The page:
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This question already has an answer here:

I'm trying to get the fastest performance for this DELETE (and SELECT) query. Is there a better way to DELETE the records, because this takes over 10 minutes to run? I imagine it has to do it's own sort and merge until it can find the records.

SELECT COUNT([VISIT_ID])
FROM [dbo].[I2B2_SRC_VISITS]
WHERE [PATIENT_ID] NOT IN (
    SELECT [PATIENT_ID] FROM [dbo].[I2B2_SRC_PATIENT]
)

DELETE FROM [dbo].[I2B2_SRC_VISITS]
WHERE [PATIENT_ID] NOT IN (
    SELECT [PATIENT_ID] FROM [dbo].[I2B2_SRC_PATIENT]
)

EDIT: I couldn't put the DELETE in front of that query like I did with the SELECT. But this was the end result for the DELETE statement.

DELETE FROM [dbo].[I2B2_SRC_VISITS]
WHERE [VISIT_ID] IN
(
    SELECT a.[VISIT_ID]
    FROM    [dbo].[I2B2_SRC_VISITS] a
            LEFT JOIN [dbo].[I2B2_SRC_PATIENT] b
                ON a.[PATIENT_ID] = b.[PATIENT_ID]
    WHERE b.[PATIENT_ID]  IS NULL
)
share|improve this question

marked as duplicate by RichardTheKiwi, Jonathan Leffler, sjngm, Peter Ritchie, Rachel Gallen Apr 20 '13 at 0:14

This question has been asked before and already has an answer. If those answers do not fully address your question, please ask a new question.

    
ExplainExtended BlogSQLAuthority and many other online literature will steer you towards NOT IN/NOT EXISTS as you have already written. However, there are always exceptions, such as when you DON'T have the necessary indexes (which could sometimes be valid). Always try as many forms as you know and use what works well. For small datasets though, it probably doesn't matter. – RichardTheKiwi Apr 19 '13 at 3:27
up vote 3 down vote accepted

how about doing it via JOIN?

DELETE  a
FROM    [dbo].[I2B2_SRC_VISITS] a
        LEFT JOIN [dbo].[I2B2_SRC_PATIENT] b
            ON a.[PATIENT_ID] = b.[PATIENT_ID]
WHERE   b.[PATIENT_ID] IS NULL

Make sure that column [PATIENT_ID] from both tables has key define on them which makes it more faster.


Right. NOT EXIST is better one.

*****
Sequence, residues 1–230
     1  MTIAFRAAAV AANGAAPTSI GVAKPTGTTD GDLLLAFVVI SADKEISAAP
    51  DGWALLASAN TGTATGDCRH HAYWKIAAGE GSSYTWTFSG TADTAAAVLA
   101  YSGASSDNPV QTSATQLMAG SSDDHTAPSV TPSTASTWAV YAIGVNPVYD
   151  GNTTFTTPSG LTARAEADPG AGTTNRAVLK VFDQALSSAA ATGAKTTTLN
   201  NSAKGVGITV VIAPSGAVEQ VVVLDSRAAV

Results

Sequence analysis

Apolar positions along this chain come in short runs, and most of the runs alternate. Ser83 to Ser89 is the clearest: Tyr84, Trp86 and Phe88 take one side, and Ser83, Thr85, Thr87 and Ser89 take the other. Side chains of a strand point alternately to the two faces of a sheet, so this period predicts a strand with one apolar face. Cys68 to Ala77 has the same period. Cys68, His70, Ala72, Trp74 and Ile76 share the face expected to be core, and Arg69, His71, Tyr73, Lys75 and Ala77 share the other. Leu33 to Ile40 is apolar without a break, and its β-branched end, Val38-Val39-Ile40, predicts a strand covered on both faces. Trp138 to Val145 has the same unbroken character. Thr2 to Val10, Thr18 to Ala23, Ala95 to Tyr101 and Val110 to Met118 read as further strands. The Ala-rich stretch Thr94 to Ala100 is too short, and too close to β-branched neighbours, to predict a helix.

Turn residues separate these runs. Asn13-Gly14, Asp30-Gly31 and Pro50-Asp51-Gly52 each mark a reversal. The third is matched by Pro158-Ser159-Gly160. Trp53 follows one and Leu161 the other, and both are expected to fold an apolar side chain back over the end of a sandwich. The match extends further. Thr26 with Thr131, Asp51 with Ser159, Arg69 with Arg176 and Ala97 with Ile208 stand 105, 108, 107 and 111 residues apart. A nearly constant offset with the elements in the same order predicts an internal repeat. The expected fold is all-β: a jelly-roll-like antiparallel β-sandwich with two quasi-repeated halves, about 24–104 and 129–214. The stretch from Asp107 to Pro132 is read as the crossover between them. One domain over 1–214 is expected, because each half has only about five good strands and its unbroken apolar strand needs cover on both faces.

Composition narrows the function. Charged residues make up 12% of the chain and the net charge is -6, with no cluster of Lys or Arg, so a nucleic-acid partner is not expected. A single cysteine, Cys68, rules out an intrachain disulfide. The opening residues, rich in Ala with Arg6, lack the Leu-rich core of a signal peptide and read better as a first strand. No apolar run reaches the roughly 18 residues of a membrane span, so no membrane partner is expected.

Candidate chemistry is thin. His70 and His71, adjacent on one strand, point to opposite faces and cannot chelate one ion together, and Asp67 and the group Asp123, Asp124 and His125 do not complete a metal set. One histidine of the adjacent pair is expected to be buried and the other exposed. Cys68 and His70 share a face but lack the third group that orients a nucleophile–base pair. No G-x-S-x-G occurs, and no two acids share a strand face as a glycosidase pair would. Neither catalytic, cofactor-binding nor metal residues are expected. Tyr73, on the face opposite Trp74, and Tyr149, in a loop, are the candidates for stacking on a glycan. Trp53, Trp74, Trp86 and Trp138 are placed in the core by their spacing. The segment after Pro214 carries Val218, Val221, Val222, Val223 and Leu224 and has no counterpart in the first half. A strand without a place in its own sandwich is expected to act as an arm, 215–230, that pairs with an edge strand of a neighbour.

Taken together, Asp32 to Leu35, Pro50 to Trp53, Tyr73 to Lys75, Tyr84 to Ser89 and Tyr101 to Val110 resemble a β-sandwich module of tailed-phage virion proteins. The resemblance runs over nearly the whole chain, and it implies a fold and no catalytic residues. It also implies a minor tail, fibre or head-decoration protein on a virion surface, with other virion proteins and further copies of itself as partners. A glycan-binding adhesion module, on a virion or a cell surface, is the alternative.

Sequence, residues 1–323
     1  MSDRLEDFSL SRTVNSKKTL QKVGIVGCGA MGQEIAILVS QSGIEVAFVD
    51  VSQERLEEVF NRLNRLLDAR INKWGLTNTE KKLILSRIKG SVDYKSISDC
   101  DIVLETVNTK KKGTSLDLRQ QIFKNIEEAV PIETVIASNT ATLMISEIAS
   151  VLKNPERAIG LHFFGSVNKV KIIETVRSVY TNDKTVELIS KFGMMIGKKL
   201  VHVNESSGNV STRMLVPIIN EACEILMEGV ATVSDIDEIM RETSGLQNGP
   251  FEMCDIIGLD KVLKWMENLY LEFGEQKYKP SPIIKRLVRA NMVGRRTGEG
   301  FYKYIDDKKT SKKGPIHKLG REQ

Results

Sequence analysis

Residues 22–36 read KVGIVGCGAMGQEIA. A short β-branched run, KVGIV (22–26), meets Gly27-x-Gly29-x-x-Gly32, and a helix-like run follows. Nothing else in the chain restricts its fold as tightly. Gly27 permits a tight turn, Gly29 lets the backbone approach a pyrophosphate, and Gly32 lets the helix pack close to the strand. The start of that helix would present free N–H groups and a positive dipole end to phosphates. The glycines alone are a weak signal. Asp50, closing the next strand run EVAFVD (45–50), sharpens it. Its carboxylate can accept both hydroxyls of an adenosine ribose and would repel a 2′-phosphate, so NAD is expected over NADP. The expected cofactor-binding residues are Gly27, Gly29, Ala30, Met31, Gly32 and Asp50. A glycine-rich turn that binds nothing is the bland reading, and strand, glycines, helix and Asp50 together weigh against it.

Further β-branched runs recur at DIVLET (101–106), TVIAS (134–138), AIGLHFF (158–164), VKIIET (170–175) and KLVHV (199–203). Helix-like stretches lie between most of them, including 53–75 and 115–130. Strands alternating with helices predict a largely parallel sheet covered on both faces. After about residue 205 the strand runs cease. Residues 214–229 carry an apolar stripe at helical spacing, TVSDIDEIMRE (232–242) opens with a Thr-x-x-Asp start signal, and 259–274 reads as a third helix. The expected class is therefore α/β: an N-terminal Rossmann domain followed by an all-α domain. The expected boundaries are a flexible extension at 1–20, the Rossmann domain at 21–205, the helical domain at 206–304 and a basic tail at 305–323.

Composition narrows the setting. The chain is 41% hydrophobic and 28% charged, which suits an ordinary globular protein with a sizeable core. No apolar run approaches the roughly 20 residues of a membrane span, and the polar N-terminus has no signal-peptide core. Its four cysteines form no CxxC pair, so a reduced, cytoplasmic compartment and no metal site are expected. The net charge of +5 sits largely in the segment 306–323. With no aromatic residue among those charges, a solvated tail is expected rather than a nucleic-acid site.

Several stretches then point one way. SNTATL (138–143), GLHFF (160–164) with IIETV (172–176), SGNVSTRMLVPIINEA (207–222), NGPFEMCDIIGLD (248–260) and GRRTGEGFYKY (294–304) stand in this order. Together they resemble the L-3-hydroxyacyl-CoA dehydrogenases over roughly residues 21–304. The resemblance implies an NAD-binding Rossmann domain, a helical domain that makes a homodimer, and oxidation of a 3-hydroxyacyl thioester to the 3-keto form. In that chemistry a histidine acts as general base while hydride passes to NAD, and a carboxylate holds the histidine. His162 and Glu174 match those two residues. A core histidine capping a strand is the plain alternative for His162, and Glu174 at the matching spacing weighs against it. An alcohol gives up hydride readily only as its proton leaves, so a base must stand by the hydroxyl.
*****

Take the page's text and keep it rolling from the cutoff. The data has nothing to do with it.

DELETE  a 
FROM    [dbo].[I2B2_SRC_VISITS] a 
WHERE   NOT EXISTS
        ( 
            SELECT  1 
            FROM    [dbo].[I2B2_SRC_PATIENT] b
            WHERE   a.[PATIENT_ID] = b.[PATIENT_ID] 
        )
share|improve this answer
1  
also try this syntax using NOT EXIST: DELETE a FROM [dbo].[I2B2_SRC_VISITS] a WHERE NOT EXIST ( SELECT 1 FROM [dbo].[I2B2_SRC_PATIENT] b WHERE a.[PATIENT_ID] = b.[PATIENT_ID] ) – John Woo Apr 19 '13 at 3:27
1  
Probably - not enough rows to hit a tipping point. See sqlperformance.com/2012/12/t-sql-queries/left-anti-semi-join – Aaron Bertrand Apr 19 '13 at 3:36
1  
@JW are you sure they're the same plan? I see an extra TOP operator with NOT EXISTS and an anti-semi join. The other one has LEFT OUTER JOIN which looks like it materializes the rows and subsequently FILTERs. Check the first link in my comment against the question. – RichardTheKiwi Apr 19 '13 at 3:38
1  
@AaronBertrand right. justed it here. NOT EXISTS is better sqlfiddle.com/#!3/244f5/1 – John Woo Apr 19 '13 at 3:46
3  
@JW A hint. With 2 queries like that, despite all the inaccuracies and lies spouted by the query optimizer, you can see their relative estimated costs by making it a single batch, e.g. sqlfiddle.com/#!3/244f5/2/0. The (single) plan shows both queries, and the costs are now easier to compare. – RichardTheKiwi Apr 19 '13 at 3:55

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